Second Battle of Artois
The Second Battle of Artois from 9 May – 18 June 1915 was a battle on the Western Front during the First World War. A German-held salient from Reims to Amiens had been formed in 1914, which menaced communications between Paris and northern France. A reciprocal French advance eastwards in Artois could cut the rail lines supplying the German armies between Arras and Reims. French operations in Artois and Alsace from November–December 1914, led General Joseph Joffre and head of Grand Quartier Général, to continue the offensive in Champagne against the German southern rail supply route and to plan an offensive in Artois, against the lines supplying the German armies from the north. Field Marshal Sir John French, commander of the British Expeditionary Force, co-operated with the French strategy to capture Vimy Ridge, by planning British attacks against Aubers Ridge; the attacks would confront the German 6th Army with a joint offensive on a 70 mi front eastwards into the Douai plain, where an advance of 10–15 mi would cut the railways supplying the German armies as far south as Reims.
The French attacked Vimy Ridge and the British attacked further north in the Battle of Aubers Ridge and the Battle of Festubert. The battle was fought during the German offensive of the Second Battle of Ypres, which the Germans ended to reinforce the Artois front; the initial French attack broke through and captured Vimy Ridge but reserve units were not able to reinforce the troops on the ridge, before German counter-attacks forced them back about half-way to their jumping-off points. The British attack at Aubers Ridge was a costly failure and two German divisions in reserve were diverted south against the Tenth Army; the British offensive was suspended until 15 May, when the Battle of Festubert began and French attacks from 15 May – 15 June was concentrated on the flanks, to create jumping-off points for a second general offensive, which began on 16 June. The British attacks at Festubert forced the Germans back 1.9 mi and diverted reserves from the French but the French gained little more ground, despite firing double the amount of artillery ammunition, at the cost of many casualties to both sides.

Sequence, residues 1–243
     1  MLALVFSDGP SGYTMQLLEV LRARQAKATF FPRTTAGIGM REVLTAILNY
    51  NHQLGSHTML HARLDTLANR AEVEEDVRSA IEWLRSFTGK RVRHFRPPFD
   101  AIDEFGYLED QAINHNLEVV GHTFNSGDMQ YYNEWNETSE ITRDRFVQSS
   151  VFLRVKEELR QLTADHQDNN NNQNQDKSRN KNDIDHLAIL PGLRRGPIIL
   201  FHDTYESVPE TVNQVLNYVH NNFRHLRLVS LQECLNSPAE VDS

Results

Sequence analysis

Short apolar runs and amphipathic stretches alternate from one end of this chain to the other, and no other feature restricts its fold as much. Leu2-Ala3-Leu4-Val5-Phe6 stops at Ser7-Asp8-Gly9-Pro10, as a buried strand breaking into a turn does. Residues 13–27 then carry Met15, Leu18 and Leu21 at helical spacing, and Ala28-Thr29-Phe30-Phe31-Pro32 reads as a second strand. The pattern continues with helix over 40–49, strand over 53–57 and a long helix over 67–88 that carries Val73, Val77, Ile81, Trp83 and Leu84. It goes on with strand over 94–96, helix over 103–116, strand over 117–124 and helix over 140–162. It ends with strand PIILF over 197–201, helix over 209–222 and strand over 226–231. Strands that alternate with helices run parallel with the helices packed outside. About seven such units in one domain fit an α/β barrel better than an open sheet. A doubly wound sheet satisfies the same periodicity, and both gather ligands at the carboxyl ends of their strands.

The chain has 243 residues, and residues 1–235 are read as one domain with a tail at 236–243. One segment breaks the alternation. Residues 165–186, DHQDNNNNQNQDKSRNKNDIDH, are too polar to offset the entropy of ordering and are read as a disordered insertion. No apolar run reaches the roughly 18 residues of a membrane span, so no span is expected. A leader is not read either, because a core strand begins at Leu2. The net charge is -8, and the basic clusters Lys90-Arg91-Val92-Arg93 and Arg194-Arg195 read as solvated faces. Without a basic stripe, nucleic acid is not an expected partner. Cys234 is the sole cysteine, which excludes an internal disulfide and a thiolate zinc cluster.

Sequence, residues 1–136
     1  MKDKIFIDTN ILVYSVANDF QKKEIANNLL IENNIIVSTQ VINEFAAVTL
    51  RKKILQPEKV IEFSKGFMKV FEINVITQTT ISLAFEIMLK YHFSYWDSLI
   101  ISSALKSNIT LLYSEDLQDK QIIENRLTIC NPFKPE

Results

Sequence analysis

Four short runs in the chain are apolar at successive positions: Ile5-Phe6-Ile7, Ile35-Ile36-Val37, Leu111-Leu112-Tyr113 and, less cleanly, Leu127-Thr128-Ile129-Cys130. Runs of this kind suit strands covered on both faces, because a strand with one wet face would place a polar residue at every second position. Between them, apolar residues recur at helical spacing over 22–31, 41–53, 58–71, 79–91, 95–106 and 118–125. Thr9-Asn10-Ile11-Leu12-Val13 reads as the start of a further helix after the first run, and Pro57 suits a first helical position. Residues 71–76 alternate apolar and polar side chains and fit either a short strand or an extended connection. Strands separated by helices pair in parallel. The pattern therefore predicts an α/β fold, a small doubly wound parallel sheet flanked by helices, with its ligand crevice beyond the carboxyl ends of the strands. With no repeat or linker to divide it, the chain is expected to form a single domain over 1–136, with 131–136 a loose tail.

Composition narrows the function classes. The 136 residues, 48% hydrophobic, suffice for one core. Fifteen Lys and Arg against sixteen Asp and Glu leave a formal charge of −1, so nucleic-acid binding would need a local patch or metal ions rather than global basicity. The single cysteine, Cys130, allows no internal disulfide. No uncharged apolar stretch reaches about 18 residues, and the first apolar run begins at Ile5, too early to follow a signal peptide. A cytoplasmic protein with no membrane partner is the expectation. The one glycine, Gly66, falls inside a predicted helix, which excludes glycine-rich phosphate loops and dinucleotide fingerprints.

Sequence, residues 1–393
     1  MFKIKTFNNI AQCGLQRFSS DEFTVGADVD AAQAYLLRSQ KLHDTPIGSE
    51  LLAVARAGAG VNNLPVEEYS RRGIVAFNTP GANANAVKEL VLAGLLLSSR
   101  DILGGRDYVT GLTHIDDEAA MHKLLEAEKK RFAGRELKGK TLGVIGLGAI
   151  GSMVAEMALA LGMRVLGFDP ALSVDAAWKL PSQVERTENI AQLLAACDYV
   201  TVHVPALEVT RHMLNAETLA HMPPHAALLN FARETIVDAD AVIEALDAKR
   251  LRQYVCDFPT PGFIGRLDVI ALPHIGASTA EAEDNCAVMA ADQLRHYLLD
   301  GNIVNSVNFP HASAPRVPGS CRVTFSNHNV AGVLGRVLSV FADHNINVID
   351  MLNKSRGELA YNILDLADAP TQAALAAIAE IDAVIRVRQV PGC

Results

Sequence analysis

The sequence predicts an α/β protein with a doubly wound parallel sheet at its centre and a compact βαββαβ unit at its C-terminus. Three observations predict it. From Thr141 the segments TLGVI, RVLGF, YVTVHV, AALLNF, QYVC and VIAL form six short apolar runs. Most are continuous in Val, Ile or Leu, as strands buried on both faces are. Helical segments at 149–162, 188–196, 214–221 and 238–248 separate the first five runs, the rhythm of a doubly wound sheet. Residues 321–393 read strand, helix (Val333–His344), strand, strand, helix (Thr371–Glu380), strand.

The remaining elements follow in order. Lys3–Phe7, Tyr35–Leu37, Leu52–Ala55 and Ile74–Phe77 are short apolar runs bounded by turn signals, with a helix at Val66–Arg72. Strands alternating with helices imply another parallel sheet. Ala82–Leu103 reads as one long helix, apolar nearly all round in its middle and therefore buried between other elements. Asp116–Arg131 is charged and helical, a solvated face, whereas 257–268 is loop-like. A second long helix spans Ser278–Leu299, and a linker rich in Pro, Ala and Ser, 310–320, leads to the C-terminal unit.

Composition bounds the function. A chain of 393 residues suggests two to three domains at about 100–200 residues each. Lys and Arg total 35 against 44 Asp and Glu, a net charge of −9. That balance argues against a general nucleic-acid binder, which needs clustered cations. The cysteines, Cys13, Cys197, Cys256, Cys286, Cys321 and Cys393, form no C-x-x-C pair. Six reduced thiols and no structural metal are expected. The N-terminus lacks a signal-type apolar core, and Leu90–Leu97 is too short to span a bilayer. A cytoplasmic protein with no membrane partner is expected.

On 18 June, the main offensive was stopped and local attacks were ended on 25 June. The French offensive had advanced the front line about 1.9 mi towards Vimy Ridge, on an 5.0 mi front. The failure to break through, despite the expenditure of 2,155,862 shells and the loss of 102,500 casualties, led to recriminations against Joffre. A lull followed until the Second Battle of Champagne, the Third Battle of Artois and the Battle of Loos in September. After the Marne campaign in 1914, French offensives in Artois, at St. Mihiel had been costly failures, leading to criticism of the leadership of General Joseph Joffre, within the army and the French government; the President, Raymond Poincaré, arranged several meetings between Joffre and the Council of Ministers in March and April 1915, where reports of the failed operations were debated a condemnation of the April offensive against the St. Mihiel salient. Joffre retained undivided command and freedom to conduct operations as he saw fit, given at the beginning of the war but was instructed to consult with his subordinates.